Three first person view games with heavy focus on exploration and open-ended maps. Three completely different approaches to that concept. Survival, drama and comedy. Done to varying degrees of success.
Near Death is, for all intents and purposes, a survival game. Unlike the sandbox survival titles that are usually associated with “survival”, however, this game is story-driven, hand crafted with little to no random elements and, while it doesn’t avoid the concept of “crafting”, it has more in common with the permanent upgrades you’d see in a metroidvania here than collecting random junk to created another random junk. In fact, despite one open map, the game is very much linear.
Which is, probably, the biggest gripe I have with it. With the way the story progresses and the map is set up, I’m genuinely surprised the developers locked down exploration as much as they did with outright not giving you tools necessary to progress before they want you to by just making them unpickable. Which, unlike other key stuff the character would really have no reason to pick up until it becomes important, looks extremely stupid and also introduces the ugly “okay, now what” problem, when you have explored a location before you had to and have no clue that now you have to go back to it again.
All that said, this is quite a unique and amazing experience with you stumbling in extreme conditions from building to building, from room to room, searching for a warm place and something helpful to scavenge. To fix the rooms, to make navigation between buildings easier. It’s a unique concept, which, while looking less beautiful and impressive as in Cryostasis, works really well and shows how exploration games can be made and how many themes, locales and ideas are still left unexplored for truly engaging experience. I would highly recommend checking Near Death for while it is deeply flawed, it is also very fun. Also, a great game to play during hot summer.
Firewatch is a… curious game. It’s a story-driven ambiance exploration title (aka. “walking simulator”) with a both simple and complex premise. The playable character’s life is in a tough spot, so he seeks escape to rethink it and decides to work for one summer as a fire lookout in the wilderness. And most of the game is mostly about having conversations about everyday tough choices with the partner’s voice over the radio. With the more or less open map and some optional exploration being just a backdrop to the story, something to go along the idea of escaping the situation you are in via incredible adventuring, but never really going that far from it.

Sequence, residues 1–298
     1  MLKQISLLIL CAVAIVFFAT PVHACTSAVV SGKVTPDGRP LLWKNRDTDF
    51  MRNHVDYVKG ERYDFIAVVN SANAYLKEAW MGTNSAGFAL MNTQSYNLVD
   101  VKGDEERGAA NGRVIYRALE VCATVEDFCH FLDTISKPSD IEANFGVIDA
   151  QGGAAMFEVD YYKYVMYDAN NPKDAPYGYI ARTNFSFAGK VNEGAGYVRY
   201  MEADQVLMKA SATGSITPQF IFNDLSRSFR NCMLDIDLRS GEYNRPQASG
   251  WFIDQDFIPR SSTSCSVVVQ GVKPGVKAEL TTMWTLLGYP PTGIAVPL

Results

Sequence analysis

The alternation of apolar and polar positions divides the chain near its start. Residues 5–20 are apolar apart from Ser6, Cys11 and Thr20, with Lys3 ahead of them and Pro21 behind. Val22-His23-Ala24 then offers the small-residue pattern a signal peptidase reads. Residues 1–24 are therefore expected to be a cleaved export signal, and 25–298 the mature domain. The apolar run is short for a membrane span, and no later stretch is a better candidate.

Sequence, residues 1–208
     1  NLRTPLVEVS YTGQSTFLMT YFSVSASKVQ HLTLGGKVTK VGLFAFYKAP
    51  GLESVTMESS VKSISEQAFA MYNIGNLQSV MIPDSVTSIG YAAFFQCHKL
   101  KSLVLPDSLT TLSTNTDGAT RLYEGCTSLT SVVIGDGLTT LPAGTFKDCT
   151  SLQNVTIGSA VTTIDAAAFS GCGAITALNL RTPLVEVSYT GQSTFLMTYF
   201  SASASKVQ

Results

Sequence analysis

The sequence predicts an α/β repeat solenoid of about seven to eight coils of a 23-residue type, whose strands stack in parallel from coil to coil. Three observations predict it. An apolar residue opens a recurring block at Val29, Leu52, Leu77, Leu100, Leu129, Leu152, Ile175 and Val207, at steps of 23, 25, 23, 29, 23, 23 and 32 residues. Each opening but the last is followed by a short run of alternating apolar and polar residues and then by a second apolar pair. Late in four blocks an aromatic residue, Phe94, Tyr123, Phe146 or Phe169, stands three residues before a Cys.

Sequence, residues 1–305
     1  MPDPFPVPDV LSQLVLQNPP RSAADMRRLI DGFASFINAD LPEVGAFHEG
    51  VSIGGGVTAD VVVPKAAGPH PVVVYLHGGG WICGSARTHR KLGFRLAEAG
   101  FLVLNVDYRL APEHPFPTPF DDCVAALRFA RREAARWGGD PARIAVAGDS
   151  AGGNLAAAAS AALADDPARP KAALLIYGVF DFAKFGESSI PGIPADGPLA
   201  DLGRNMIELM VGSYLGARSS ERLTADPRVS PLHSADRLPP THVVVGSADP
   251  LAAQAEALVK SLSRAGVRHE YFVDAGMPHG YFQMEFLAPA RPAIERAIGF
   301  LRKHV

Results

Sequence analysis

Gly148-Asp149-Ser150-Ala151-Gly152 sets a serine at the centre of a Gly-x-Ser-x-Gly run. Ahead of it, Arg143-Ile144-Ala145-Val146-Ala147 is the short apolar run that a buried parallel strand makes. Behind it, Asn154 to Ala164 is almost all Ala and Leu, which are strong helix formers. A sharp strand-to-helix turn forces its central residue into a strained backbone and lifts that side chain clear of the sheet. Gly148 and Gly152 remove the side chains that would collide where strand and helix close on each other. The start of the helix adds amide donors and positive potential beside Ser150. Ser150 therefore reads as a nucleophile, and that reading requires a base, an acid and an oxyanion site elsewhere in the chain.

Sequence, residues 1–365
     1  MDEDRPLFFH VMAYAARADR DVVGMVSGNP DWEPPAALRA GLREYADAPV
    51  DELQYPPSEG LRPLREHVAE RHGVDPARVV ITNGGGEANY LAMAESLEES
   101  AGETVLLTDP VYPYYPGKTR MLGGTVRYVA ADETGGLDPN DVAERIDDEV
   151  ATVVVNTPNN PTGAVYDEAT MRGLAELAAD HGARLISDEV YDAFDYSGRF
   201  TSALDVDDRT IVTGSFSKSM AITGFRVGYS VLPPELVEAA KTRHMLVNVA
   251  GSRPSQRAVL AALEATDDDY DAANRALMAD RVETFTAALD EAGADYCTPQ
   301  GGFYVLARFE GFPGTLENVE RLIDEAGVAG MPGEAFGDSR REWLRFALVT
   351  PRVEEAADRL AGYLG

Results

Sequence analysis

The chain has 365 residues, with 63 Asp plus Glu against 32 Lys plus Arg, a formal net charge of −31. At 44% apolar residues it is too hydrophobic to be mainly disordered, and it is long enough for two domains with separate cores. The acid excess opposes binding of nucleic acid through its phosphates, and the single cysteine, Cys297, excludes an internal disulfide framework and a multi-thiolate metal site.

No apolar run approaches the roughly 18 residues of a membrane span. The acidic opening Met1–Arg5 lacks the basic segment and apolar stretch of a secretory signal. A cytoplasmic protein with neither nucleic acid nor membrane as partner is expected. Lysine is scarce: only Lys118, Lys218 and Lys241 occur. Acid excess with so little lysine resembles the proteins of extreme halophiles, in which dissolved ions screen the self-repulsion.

And the game is great at it. It always tries to hook you up with promise of something exciting, while keeping things grounded and, in the end, might very much manage to surprise you with mundane. Yet, that is also one of the reasons I couldn’t help but feel slightly disappointed with it while playing, since it never felt truly going anywhere. As is, it’s a great story-driven game that’s worth checking out. But don’t expect it to be more than what it is after the opening minutes. Unless you try to make it be so, which, I suppose, was also intentional.
Maize is… sigh… If there ever was a game to encapsulate the bad whimsical kind of horror themed comedies of the 80s, this game is exactly that. Nonsensical plot about mad scientists, soviet intelligent teddy bear spitting gibberish “russian” as a companion and words like “stupid”, “imbecile”, “idiot” and variations being about 70% of words in the script. Now, the whole concept could actually work, and that is exactly what is the saddest thing about the game is that it fails so miserably, mostly due to the fact that it recreates that vibe down to the “bad” part. Because it’s bad. Not so bad it’s good bad, but just bad as a comedy game.
And as an adventure game it seems to want to be it’s even worse, since you just run back and forth and put items on other items and paths open and close in a very linear fashion so you never “solve” anything as much as you just “do stuff”. What’s also surprising is how ugly the game often looks, despite the use of UE4, some stunning models and good animations. You can be in a very pretty looking location to just turn the corner and find yourself in a terrible “my first UE SDK map” room that looks sickeningly bad. It’s a game that could’ve been, but went very-very wrong and really isn’t worth the time.